My second ever night in a bothy, and for all there is no stove at Clennoch, I enjoyed a cosy night, alone, with no phone signal, and just a few gigantic beetles and spiders for company. I read the comments in the bothy book, planned tomorrow’s walk, and enjoyed a good night’s sleep, pleased to have taken a 4-season sleeping bag.

ImageThe Glen Afton Donalds by Christopher Watson, on Flickr

ImageThe Glen Afton Donalds by Christopher Watson, on Flickr

Up early the next morning, I stepped out of the bothy, stretched my legs, and admired the hills surrounding me. The whoosh of what felt like a million wind turbines up above created quite a sound, but the wind itself had died down and once again, it was dry. Small pleasures!

Climbing from Clennoch, I followed the estate track toward Hog Hill, then left the track to head up to the summit of Keoch Rig, complete with its hardware. Is there a summit in this area that hasn’t been gifted a turbine, mast, or other such piece of equipment?

ImageThe Glen Afton Donalds by Christopher Watson, on Flickr

From Keoch Rig it was back to the grassy track, across slightly boggy ground, and up to the summit of Windy Standard. The scale of wind farm operations here is quite staggering, and what must be hundreds of turbines lay across almost the entire vista from the trigpoint, where I stopped a while and had a snack. I noticed a cherry-picker at one of the turbines, and before long a van sped up the track past me. I gave the workmen a wave, but they grimaced and looked the other way. I shrugged, and plodded on towards Millaneoch Hill, which was quite a steep little descent. Before Millaneoch, I turned and followed the fence down across boggy and wet ground, then on towards my next Donald, Alhang. It looked pretty impenetrable and steep, but once on the slopes upwards it didn’t seem too bad. All the same, I find these Donalds quite tough at times, and it was with some relief I arrived, huffing and puffing, and via a little fence crossing, at the summit.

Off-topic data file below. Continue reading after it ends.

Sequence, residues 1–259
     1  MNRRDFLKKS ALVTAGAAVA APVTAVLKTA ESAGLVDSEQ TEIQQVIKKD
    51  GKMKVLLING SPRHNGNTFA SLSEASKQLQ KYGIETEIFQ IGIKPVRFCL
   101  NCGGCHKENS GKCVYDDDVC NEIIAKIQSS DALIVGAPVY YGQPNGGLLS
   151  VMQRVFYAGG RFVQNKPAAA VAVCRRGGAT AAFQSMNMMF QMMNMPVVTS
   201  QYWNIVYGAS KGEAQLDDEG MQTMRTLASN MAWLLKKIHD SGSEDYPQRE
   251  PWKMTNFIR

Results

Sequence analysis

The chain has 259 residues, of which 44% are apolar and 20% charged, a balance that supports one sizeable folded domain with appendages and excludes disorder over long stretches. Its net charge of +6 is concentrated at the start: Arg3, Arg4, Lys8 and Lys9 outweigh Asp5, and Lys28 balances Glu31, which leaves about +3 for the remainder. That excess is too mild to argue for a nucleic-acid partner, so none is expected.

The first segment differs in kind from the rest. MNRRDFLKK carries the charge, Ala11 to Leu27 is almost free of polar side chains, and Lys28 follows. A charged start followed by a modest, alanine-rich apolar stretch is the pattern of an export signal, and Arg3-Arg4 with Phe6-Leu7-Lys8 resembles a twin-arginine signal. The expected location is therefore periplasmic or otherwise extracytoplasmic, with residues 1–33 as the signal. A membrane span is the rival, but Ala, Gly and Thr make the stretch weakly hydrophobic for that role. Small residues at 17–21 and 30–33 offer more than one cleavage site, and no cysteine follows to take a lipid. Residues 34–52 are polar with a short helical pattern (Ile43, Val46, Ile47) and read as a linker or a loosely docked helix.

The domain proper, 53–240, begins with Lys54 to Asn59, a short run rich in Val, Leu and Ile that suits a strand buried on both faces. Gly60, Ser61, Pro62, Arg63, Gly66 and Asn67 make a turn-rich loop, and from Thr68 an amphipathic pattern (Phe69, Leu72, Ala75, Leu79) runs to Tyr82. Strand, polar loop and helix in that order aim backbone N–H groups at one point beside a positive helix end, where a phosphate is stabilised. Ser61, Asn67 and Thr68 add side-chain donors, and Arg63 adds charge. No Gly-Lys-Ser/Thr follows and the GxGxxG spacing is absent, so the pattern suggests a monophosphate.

ImageThe Glen Afton Donalds by Christopher Watson, on Flickr

ImageThe Glen Afton Donalds by Christopher Watson, on Flickr

ImageThe Glen Afton Donalds by Christopher Watson, on Flickr

ImageThe Glen Afton Donalds by Christopher Watson, on Flickr

ImageThe Glen Afton Donalds by Christopher Watson, on Flickr

It was here that I got my first glimpse of Afton Reservoir below, and I descended towards the source of the Afton, where for some inexplicable reason I found myself reciting Burns in a voice that sounded something like Brian Blessed. Onwards to Alwhat.

ImageThe Glen Afton Donalds by Christopher Watson, on Flickr

ImageThe Glen Afton Donalds by Christopher Watson, on Flickr

Between Alwhat and Meikledodd Hill the ground was boggy and the going a little slow. The sphagnum moss made the landscape an almost impossibly bright shade of green, but I nearly lost a boot on more than one occasion. Superglue moorland. A couple of brief bog hops and plank crossings brought me to the tarmac road and the pylons that sit above the reservoir, and a after a quick breather I stormed my way up Blacklorg Hill. An unremarkable summit in itself, but it was nice to look back across all the hills I had walked – a rare treat.

ImageThe Glen Afton Donalds by Christopher Watson, on Flickr

ImageThe Glen Afton Donalds by Christopher Watson, on Flickr

ImageThe Glen Afton Donalds by Christopher Watson, on Flickr